3.     Hillary Clinton, during her tenure as Secretary of State , played a very strong and direct role  in initiating the US contacts with Iran’s hardliners to discuss recognizing  Iran’s  nuclear program.  { This  took place well before the time that the so-called moderates were elected in Iran .]She initiated the  nuclear negotiations with Iranian hardliner Mahmoud Ahmadinejad   well  before the election of Hassan Rouhani.   As part the deal (which was  publicly confirmed by John Kerry, Susan Rice and Barack Obama) , a substantial amount of the unfrozen Iranian  resources would be devoted to attacks on Jews everywhere in the world.

    4.  Hillary Clinton’ gave very strong support of the misleading efforts by the  Obama administration to sell the “agreement” to the US public (partially by demonizing the  very justified Israeli  opposition to this “agreement”).  [This was very much like Bill Clinton’s  assurance to the American public that North Korea had fully given up its nuclear and ballistic missile programs… When in fact they had not.]

    5.  Hillary  selected Wendy Sherman , Nicholas Burns and the rest of the US State Department team that had originally negotiated the nuclear agreement with North Korea. This was the team that was retained by John Kerry. This is a video of of Bill Clinton claiming great victory in preventing North Korea from obtaining a nuclear weapon {thanks to the skill of Sherman, Burns and the rest of the US State Department team.}   http://louderwithcrowder.com/flashback-bill-clintons-korea-speech-scary-close-to-obamas-iran-deal-speech/

    6. Clinton was key to the destabilizing of Libya and to the rise of ISIS  there.

  • gerard

    good riddance Chamberlain.

  • Daniel,

    I understand your position and why you feel the way you do. In fact, I was a democrat for many years until Obama. Now that I see an Obama version 2.0 as my option to Trump, I prefer to vote for Trump because a non-vote is a Hilary vote. No, he’s definitely my idea of a good or even passable candidate, but Hilary is and will be a much worse choice for America and Israel.

    That’s my personal opinion.

  • Jay Lavine

    The conservative movement has not done so well when it comes to “a moral order” — on the contrary. Let me humbly suggest a moral order that is not based on a secular ideology that has become a religion to some people. It’s called Judaism.

    Judaism is extremely conservative when it comes to preservation of traditional values but very liberal in terms of caring about the poor and the downtrodden, always trying to level the playing field. Think of the remission of debts every seventh year, the Jubilee year when land returns to the original owners, and all the teachings of Bava Metzia.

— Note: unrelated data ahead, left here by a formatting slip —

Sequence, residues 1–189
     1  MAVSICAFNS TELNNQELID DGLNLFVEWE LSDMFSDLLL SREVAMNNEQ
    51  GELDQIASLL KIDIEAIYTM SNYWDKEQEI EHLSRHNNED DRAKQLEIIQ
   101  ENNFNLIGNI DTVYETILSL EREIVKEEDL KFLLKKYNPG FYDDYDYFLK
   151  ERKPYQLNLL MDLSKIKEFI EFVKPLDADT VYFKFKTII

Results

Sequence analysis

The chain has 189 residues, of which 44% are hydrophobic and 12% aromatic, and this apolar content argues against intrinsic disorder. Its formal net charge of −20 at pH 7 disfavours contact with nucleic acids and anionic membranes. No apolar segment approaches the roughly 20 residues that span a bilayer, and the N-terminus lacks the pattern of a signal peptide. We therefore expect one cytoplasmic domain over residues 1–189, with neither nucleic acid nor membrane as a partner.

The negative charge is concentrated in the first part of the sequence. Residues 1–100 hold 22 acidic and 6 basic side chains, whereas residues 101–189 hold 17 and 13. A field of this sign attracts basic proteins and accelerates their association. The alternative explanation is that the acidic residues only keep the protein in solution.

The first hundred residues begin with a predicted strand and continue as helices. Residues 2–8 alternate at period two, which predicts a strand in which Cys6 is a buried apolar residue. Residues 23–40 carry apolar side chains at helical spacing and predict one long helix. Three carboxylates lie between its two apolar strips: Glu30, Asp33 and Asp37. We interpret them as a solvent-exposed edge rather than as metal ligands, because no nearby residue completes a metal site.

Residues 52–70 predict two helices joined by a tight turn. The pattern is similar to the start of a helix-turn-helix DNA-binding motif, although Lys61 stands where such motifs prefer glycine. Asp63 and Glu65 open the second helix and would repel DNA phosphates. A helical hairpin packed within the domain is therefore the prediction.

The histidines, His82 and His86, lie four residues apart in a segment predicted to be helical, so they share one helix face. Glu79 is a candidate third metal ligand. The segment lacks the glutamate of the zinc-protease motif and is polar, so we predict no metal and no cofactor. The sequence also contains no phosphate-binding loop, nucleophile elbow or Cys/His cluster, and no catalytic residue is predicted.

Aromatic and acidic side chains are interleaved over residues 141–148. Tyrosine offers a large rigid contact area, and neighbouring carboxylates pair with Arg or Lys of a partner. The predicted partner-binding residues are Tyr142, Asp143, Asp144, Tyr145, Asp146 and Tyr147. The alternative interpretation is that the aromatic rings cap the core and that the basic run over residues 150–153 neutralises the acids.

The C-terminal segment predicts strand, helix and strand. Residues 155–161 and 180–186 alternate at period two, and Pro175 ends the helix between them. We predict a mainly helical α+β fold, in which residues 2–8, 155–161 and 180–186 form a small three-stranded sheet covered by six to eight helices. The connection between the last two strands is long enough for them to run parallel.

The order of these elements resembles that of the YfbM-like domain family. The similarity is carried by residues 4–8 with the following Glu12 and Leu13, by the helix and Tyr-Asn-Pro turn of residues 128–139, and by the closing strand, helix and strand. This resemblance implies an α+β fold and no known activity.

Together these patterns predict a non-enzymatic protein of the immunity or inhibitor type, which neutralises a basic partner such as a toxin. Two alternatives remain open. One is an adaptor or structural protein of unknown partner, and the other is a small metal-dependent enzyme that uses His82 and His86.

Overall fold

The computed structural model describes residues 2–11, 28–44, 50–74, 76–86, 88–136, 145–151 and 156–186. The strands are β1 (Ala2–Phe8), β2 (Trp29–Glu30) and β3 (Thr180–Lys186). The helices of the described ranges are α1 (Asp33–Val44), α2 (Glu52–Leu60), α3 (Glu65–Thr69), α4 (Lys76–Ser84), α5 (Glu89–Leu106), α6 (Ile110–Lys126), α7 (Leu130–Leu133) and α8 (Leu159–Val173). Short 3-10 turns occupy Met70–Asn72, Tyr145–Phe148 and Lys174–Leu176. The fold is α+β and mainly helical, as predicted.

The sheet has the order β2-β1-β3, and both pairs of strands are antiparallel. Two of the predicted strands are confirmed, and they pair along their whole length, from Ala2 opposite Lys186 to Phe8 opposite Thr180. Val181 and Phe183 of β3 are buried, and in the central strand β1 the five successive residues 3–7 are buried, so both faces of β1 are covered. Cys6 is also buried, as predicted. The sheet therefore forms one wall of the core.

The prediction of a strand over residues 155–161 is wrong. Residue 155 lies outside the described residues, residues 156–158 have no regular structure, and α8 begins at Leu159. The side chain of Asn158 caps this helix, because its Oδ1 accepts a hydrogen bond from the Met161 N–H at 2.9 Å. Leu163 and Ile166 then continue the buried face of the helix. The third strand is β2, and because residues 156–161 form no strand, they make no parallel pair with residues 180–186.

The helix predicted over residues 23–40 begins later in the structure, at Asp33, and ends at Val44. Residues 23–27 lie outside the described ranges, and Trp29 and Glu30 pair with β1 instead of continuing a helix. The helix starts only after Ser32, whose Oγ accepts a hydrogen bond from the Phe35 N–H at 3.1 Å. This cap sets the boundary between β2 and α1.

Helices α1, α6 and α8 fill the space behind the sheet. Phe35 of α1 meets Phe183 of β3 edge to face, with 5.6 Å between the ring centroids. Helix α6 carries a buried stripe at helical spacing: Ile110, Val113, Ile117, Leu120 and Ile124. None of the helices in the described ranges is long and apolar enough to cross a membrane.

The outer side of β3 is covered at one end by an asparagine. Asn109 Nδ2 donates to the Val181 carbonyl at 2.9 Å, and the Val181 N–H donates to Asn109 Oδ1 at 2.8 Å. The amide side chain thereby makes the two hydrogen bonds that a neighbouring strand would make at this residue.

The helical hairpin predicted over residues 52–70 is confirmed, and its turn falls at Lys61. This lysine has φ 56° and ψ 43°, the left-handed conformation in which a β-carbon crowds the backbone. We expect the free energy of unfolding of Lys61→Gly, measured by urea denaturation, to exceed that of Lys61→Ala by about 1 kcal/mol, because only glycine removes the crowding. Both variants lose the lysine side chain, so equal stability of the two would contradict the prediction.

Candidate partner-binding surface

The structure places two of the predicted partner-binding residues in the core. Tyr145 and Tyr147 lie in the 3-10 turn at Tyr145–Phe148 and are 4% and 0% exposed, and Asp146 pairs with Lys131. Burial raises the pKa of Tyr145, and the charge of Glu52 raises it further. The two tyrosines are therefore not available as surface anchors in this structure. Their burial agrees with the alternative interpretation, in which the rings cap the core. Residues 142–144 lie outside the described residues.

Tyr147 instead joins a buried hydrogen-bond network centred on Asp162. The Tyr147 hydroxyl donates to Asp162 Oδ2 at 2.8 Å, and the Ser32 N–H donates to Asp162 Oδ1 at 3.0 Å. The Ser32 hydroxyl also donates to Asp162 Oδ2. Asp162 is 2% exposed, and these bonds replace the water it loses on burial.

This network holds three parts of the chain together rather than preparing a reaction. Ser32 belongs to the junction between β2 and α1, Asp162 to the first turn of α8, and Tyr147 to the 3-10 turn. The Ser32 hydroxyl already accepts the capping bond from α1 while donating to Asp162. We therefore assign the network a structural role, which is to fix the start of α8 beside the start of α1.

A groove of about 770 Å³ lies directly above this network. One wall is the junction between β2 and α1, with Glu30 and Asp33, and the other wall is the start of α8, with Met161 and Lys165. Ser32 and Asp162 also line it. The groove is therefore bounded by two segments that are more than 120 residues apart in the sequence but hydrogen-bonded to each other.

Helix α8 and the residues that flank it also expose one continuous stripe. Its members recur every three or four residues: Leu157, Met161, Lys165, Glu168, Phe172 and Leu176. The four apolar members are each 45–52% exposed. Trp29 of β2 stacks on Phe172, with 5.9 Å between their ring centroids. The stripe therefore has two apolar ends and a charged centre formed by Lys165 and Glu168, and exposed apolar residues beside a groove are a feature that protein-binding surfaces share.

Limited government, that is to say, less regulation? No way. As the connection between Pesach and Shavuot teaches us, freedom can be harmful unless we are able to control ourselves — hence the 613 mitzvot supplemented by umpteen halachot.

    Judaism doesn’t provide the immediate gratification that the secular ideologue seeks when his goals are realized — it isn’t meant to. It is a moral order based on service to God, not service to oneself.

    Let’s face it, when it comes to Jewish values-based characteristics we want to see in our leaders — e.g., honesty, to name just one — we as Jews feel excluded as usual.

  • Sharon

    Daniel Pipes for president?

  • Erin Kaye

    Whatever the rationale, a vote for anyone other than Trump, or not voting, is a vote for Hillary. Trump wasn’t my first choice either but given the alternative I’m voting for him.

  • Daniel Pipes, SHAME on you! America needs every vote! America needs to continue to exist – for the sake of Israel and the world! A vote withheld from Trump will be a curse on the person who failed to vote for him! Donald is GOD’s man for this time! Read Isaiah 45 – Trump is Cyrus!

    Daniel the prophet would support Donald Trump!
    Your criticisms are unjust!
    You are usually an excellent writer and knowledgable.
    You just committed literary suicide!

    REPENT!

    • John Train

      MORE:

      
 Donald Trump is a more than 20 year history of welcoming Jews to his properties in areas where discrimination was practiced. This is not only true of welcoming their business, on the social level he was also a cordial host.

      Unfortunately, many normally responsible Jewish journalists and publications pick up and repeat accusations without understanding that there is a Democratic Party operation devoted to demonizing their political opponents.

      There was a very enlightening story that appeared in the Wall Street Journal documenting how Trump fought both antisemitism and racism in Palm Beach 2 decades ago. The WSJ story focuses on the battles Trump faced as a new arrival to Palm Beach, including his new competition with the social clubs of the old order.

      IN SUMMARY, LONG BEFORE HE WAS RUNNING FOR PRESIDENT, THERE WAS DONALD TRUMP BATTLING RACISM AND ANTI-SEMITISM IN PALM BEACH SOCIETY. USING EVERY TOOL AT HIS DISPOSAL.